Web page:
Two US security researchers have found vulnerabilities in smart car wash solutions sold by PDQ, a US-based vendor of Internet-connected car wash equipment and software.
According to the research team, the security flaws could be exploited to cause damage to cars or physical harm to passengers or car wash employees.
The vulnerabilities were discovered back in January 2015, but PDQ ignored the research team for almost two years, even after the researchers published some of their findings two years ago.
The flaws affect PDQ's LaserWash, LaserJet, and ProTouch car wash rigs, which are sold and installed at car washes across the globe, not just in the US.
These complex multi-component devices come with a built-in web server that allows car wash owners and employees to manage the rig from a remote location.
In a presentation at this year's Black Hat USA 2015 security conference, the research team said they discovered an authentication bypass in this server's login procedures that allowed them to access the rig's control panel.
Nevertheless, even if they wouldn't have discovered the authentication bypass, the research team said that most owners didn't bother changing the default admin password — 12345 — which granted attackers access to the rig's full system.
Researchers reported this bug to PDQ in 2015, but the company failed to patch it. During all this time, while waiting for the company to patch the bug, researchers kept experimenting with the car wash rig.
The research team says they developed new exploits in the past two years that take advantage of the authentication bypass or the default password to connect to a PDQ car-washing rig, disable security sensors, and alter default behavior.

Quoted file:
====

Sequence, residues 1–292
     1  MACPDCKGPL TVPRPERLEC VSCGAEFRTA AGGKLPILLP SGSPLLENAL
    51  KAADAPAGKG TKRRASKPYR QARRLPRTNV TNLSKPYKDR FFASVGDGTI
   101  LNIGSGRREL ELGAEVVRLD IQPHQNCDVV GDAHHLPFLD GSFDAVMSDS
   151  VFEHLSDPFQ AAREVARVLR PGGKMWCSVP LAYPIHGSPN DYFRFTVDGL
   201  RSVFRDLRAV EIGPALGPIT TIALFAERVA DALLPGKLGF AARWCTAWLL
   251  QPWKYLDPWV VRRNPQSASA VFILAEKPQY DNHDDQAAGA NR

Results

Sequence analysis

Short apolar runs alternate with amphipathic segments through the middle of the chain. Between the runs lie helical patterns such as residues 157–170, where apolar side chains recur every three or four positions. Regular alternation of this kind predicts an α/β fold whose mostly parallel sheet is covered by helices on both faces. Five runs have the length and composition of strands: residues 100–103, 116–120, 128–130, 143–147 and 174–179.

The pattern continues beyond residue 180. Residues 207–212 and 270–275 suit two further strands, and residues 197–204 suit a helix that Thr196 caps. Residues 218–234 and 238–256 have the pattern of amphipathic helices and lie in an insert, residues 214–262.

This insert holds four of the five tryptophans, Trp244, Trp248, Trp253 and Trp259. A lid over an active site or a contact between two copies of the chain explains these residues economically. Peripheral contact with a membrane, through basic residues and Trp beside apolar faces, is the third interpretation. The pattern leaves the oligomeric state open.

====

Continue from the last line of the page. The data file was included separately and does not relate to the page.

These modifications to default behavior include alterations to door sensors to make the car wash's doors close when a car or person passes through the frame, damaging cars or hitting people.
In addition, the research team also said they could modify the movement of the washing arm to hit cars, or move the arm close to the car and spew water so people would be trapped in their cars. Similarly, the car wash's doors could also be modified to trap people inside.
All of these operations could be automated with a script, so an attacker can scan the Internet for exposed servers, upload his script, and watch mayhem take place across the globe.
Because PDQ had failed to patch the initially reported bug and because the research team found ways to truly weaponize their exploits in a novel way, the Industrial Control Systems Cyber Emergency Response Team (ICS-CERT) stepped in and issued a nationwide alert regarding the vendor's insecure equipment.
It was only after CERT's involvement that the vendor became responsive and helped issue recommendations for rig owners, such as changing the default password or placing their equipment behind a firewall. The company also promised a patch to fix the authentication bypass.
The team behind this research is comprised of Billy Rios and Jonathan Butts. Rios has a long history of hacking IoT devices. In the last few years, Rios has reported bugs in medical care systems, X-ray scanners, and other industrial equipment. Rios and Butts' presentation and researcher paper are available online.
Image credits: PDQ